It’s rare that I’ll see a film as bankrupt as this one. Matt Dillon plays a comedic lead as petty, Kate Hudson does her job of being the movie’s “flip flopper”, and Owen Wilson plays a riff on his traditional Owen Wilson role. Basically the only true joy of this film for me was unintentional: having seen Thankyou For Smoking earlier in the month, I took note of Adam Brody’s quote from that film “As you can see, [my boss] really likes Asian shit”. Michael Douglas’ character’s office was decorated similarly and entirely unironically in a faux “Zen” fashion.
No redeeming features, one intentional laugh provoked from sheer deliberate stupidity: You, Me & Dupree.

The Sentinel

August 30, 6:50, Greater Union George Street (Cinema 17)

What was I saying about bankruptcy? The Sentinel had it followed the idea set out by its trailer, could have been a good cat-and-mouse thriller. Instead, it turned out to be some poorly realised plot involving terrorists or some such and a ridiculously wish-fulfilling liberal president (his one line is “We need to ratify the Kyoto Protocol!”). Keifer Sutherland and Michael Douglas could have chased each other across America, but alas! Their rivalry and chemistry were defeated in mere seconds. They were not helped by Eva Longoria being on the scene for the sole purpose of “look at me, I am a Latina” – a role that she has taken with relish across multiple all media.
Disappointing and pointless.


August 31, 4:55, Greater Union George Street (Cinema 11)

I wanted to say something about this back in August, but I couldn’t find the words. I love dystopic futures, particularly when they’re presented in compelling fashions. The appeal of Renaissance is that it’s animated entirely in black and white. When I say entirely, I mean it: there’s no grey at all, with the exception of necessary transparencies. It’s a true delight to watch, with a more than serviceable story to boot. The bizarre dream-like nature of its conclusion expertly implies the not quite truthful stance that the protagonist had to take. My only regret is that I could not see it in its original French: while Daniel Craig and Ian Holm do their jobs admirably, some of the support cast are less talented (yet the motion capture lip synch is remarkably accurate). Still, that’s what DVDs are for.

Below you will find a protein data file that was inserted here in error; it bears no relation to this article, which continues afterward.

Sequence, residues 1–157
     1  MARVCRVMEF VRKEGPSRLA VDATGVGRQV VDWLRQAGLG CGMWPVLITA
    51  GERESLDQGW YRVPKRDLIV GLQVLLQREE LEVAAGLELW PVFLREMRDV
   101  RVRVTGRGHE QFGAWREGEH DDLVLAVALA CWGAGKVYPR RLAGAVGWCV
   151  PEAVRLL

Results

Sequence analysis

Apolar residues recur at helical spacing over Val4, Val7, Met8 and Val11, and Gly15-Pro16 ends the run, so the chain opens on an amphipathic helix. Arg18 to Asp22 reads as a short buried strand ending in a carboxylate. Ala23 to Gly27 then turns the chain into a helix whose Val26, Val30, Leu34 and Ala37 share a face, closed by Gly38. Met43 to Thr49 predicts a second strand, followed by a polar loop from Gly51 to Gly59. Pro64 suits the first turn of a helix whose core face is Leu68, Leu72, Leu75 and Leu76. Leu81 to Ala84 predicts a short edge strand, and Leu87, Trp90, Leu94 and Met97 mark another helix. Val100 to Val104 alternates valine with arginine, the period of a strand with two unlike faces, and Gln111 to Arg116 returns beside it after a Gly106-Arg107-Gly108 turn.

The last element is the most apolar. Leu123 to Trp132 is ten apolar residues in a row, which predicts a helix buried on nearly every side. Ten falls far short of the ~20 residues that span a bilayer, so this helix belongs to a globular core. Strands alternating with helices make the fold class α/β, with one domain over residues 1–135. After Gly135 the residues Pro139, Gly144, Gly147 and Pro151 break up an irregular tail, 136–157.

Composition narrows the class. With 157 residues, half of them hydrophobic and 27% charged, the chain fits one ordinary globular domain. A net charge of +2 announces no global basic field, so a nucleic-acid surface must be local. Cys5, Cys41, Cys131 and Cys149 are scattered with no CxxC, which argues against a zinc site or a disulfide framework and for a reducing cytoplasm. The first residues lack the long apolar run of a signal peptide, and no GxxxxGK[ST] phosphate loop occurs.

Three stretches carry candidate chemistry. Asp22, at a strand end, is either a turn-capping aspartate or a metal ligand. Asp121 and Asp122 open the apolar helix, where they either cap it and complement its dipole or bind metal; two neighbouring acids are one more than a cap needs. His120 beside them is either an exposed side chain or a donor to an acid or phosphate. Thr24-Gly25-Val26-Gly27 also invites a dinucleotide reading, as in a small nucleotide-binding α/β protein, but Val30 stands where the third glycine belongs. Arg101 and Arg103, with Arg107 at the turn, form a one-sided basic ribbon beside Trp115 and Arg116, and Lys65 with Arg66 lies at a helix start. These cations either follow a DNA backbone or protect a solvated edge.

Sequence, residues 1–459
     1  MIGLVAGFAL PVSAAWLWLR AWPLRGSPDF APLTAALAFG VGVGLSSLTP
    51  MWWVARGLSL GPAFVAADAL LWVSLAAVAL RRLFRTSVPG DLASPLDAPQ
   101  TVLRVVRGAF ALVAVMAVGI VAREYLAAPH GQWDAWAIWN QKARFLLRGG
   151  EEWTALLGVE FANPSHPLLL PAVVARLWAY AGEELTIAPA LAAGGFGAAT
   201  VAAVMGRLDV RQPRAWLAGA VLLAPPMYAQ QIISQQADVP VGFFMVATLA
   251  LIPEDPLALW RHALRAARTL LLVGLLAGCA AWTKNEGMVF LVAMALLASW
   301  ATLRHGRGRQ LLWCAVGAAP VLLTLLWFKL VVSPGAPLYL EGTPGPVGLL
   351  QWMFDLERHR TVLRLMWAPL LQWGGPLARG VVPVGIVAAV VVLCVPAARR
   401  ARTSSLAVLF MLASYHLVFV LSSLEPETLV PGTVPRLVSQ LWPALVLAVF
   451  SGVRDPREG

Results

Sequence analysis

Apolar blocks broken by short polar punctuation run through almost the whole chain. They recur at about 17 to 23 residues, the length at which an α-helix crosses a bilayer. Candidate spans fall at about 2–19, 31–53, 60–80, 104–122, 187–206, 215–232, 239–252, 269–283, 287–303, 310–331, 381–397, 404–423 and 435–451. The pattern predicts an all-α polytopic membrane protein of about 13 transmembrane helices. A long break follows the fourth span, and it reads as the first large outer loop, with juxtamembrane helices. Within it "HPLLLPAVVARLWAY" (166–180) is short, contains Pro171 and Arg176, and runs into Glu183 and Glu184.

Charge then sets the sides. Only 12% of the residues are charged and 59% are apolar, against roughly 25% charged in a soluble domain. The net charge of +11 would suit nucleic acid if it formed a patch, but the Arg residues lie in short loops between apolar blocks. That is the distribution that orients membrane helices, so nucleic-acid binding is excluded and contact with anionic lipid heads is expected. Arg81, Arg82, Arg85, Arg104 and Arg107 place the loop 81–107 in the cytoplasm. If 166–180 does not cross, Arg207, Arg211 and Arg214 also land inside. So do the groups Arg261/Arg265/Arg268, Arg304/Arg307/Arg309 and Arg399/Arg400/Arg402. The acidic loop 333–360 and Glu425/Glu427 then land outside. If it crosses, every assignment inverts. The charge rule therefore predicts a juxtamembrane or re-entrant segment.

August 31, 7:15, Greater Union George Street (Cinema 1)

When is a martial arts film not worth my time? When it turns out to be a propaganda piece promoting the People’s Republic of China and their need to stand up to the rest of the world that would denigrate them. What is somewhat excellent about Fearless is that a little research into the events of this true story shows that Jet Li’s character died of TB rather than being poisoned by the Japanese. It’s little facts like that, and also really bad stunts like hanging horizontally off a tower, that make Fearless such a great not-good movie.

Pick of August 2006: Wah-Wah

Certainly it ruined me, but Wah-Wah was, in my estimation, expertly cast and made. Tremendously sad, but that’s one of the reasons I go to the movies. If a film vindicates my film-going lifestyle I am, of course, going to have to approve.
Brick gets a very close second because it was awesome and also because I forgot that I had seen it this month so it missed the first round of voting.